Australia’s recently formed government has maintained the existing ban which stops the Chinese telecoms giant Huawei from bidding on contracts to build Australia’s National Broadband Network (NBN). The new government, which took power on 18 September 2013, has listened to advise from it security agencies and upheld the ban placed by its predecessors.
Huawei is currently considered a security risk by several different nations including the USA. Its bad image stems from the fact that the company was founded by Ren Zhengfei, a former officer of the People’s Liberation Army and its perceived links to the Chinese State. The USA, like Australia, has banned Huawei and a government committee reported last year that “the risks associated with Huawei and ZTE’s provision of equipment to US critical infrastructure could undermine core US national-security interests.”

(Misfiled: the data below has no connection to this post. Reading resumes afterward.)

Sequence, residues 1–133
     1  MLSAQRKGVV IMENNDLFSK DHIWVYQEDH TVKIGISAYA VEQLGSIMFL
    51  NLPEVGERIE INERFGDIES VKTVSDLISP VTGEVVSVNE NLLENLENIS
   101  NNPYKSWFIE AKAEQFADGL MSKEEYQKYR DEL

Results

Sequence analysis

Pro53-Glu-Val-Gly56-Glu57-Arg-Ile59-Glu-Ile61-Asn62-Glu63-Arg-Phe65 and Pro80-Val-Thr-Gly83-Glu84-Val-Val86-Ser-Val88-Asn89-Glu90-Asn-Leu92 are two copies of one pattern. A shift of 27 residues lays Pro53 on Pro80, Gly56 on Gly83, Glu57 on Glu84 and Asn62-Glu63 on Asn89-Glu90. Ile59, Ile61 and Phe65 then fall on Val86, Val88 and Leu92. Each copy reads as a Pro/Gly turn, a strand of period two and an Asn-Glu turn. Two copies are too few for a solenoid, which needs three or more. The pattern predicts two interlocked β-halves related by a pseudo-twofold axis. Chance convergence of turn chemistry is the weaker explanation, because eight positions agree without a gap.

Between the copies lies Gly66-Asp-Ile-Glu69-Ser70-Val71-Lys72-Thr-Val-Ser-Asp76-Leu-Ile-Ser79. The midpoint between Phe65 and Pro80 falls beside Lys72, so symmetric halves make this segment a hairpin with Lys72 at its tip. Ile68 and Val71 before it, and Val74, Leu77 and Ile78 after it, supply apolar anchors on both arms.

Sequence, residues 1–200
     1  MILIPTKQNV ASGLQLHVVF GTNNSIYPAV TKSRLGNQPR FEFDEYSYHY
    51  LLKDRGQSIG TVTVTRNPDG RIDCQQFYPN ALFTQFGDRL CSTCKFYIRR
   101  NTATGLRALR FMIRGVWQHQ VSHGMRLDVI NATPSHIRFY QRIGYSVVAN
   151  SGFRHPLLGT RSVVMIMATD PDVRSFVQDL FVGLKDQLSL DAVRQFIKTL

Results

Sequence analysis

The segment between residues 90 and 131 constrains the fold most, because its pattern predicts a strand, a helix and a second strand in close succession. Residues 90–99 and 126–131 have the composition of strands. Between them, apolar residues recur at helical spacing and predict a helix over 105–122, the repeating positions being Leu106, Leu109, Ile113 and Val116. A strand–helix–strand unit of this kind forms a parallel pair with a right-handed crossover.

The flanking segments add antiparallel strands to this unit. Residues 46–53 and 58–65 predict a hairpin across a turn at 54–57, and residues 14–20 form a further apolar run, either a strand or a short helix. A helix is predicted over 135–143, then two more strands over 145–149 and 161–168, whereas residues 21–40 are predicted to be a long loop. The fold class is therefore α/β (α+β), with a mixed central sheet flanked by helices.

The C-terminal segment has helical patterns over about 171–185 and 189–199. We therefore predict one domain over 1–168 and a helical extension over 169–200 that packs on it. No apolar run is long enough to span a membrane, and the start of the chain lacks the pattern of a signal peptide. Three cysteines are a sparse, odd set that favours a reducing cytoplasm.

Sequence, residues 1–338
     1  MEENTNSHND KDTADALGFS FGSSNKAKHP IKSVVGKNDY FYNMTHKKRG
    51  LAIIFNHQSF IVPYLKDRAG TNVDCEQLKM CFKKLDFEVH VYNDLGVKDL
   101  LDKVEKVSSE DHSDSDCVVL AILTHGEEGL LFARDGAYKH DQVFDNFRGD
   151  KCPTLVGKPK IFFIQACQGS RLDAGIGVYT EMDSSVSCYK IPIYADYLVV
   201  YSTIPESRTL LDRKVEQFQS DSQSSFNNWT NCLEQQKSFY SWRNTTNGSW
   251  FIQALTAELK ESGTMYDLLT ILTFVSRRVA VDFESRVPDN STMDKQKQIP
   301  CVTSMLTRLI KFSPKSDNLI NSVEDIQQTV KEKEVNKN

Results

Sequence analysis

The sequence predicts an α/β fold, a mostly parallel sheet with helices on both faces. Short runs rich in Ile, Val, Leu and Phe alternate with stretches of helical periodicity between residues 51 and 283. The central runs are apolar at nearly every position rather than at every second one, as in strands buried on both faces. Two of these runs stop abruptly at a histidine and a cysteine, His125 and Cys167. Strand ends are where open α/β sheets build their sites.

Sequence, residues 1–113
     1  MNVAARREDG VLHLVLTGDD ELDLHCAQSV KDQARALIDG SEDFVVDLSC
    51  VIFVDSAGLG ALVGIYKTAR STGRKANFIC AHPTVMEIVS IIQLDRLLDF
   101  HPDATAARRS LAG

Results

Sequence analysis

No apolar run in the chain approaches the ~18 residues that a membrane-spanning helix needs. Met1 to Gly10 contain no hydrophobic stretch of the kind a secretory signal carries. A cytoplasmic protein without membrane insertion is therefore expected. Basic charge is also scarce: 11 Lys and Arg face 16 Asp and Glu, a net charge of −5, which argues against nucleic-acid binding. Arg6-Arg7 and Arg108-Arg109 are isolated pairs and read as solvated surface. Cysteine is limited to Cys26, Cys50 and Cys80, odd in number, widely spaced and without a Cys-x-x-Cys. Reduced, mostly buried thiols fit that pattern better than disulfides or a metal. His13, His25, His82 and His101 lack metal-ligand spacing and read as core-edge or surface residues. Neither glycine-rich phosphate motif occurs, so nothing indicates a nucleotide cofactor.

The Australian Attorney-General George Brandis said the government had no plans to relax its stance on Huawei adding that “the decision of the previous government not to permit Huawei to tender for the NBN was made on advice from the national security agencies.”
“Since the election the new government has had further briefings from the national security agencies. No decision has been made by the new government to change the existing policy,” Brandis told the AFP.
Huawei had previously run an intense lobbying campaign in Canberra for the ban to be removed. According to the Australian Financial Review, the Attorney-General overruled a move by some within the new government to relax the ban on Huawei. However some members of the cabinet were reportedly against changing the previous government’s policy and had expressed concerns that allowing Huawei to bid on the NBN could be seen as a problem by the USA.
Huawei has denied having close connections to the Chinese government and has stressed that the company is 98.6% owned by its employees.